• The Science of Small

    Labs at U-M's College of Literature, Science, and the Arts are using Nobel Prize-winning microscope techniques to look closely at what was once invisibly tiny — molecules moving around inside of cells. The new view magnifies some major possibilities for how we may one day see the world.

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  • Tracking toxicity in Lake Erie

    U-M researchers are using state-of-the-art genomics and environmental chemistry to study the toxicity of algal blooms in Lake Erie caused by nutrients from farm runoff. They hope the study results can be incorporated into computer-based ecological models used to forecast harmful algal blooms.

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  • Saving babies’ lives with 3D printing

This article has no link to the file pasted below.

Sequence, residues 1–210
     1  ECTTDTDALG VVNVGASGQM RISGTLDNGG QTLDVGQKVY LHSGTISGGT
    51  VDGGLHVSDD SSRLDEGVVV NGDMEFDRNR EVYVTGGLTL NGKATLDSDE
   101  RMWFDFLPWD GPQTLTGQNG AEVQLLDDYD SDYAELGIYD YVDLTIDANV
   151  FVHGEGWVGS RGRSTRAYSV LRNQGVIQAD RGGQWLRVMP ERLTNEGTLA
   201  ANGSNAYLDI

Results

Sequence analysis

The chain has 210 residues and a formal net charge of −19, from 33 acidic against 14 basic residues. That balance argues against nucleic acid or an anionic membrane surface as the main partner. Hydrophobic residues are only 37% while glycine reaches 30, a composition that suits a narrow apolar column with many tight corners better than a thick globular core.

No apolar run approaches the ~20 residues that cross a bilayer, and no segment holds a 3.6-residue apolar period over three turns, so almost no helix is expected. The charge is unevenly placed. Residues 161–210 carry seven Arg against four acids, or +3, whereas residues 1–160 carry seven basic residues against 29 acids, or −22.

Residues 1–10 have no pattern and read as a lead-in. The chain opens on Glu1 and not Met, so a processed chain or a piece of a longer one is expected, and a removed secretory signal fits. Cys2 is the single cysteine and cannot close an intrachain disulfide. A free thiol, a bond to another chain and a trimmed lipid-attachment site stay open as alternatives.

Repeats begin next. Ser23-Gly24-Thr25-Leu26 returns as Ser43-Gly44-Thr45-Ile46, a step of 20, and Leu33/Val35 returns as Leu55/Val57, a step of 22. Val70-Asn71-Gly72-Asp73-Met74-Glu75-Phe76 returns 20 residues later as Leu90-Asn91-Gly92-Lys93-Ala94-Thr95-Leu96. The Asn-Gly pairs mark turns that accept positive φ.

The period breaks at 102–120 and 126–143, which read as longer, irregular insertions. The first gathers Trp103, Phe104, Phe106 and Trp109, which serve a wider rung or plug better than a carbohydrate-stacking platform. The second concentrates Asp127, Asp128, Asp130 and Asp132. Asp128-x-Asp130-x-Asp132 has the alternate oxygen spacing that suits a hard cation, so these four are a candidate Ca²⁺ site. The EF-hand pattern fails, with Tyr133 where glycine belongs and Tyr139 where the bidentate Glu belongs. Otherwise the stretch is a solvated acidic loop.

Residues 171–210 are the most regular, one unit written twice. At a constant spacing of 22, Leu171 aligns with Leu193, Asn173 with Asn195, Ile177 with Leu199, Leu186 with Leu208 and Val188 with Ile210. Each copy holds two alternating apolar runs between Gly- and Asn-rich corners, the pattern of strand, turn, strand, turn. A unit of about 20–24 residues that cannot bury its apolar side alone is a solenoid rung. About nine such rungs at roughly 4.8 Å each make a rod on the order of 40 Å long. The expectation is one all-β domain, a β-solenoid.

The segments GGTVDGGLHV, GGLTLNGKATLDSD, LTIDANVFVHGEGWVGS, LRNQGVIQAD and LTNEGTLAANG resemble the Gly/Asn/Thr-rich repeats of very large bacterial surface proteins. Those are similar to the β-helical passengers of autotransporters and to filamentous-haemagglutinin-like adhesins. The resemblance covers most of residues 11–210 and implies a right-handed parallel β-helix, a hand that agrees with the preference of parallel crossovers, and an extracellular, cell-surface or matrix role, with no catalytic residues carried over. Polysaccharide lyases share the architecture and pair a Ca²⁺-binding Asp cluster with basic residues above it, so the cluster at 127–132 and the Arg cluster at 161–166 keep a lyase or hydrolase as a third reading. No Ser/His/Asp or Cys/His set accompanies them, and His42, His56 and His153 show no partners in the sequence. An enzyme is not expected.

Three boys — with the same life-threatening condition, a terminal form of tracheobronchomalacia — became the first in the world to benefit from groundbreaking 3-D printed devices that kept their airways open, restored their breathing and saved their lives at C.S. Mott Children’s Hospital.

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  • Building a better refugee camp

    Recent U-M architecture graduate Bjornar Haveland is spending a year researching how to improve the quality of life in refugee camps. He is the latest recipient of U-M's Wallenberg Fellowship, awarded to graduating seniors committed to service and the public good.

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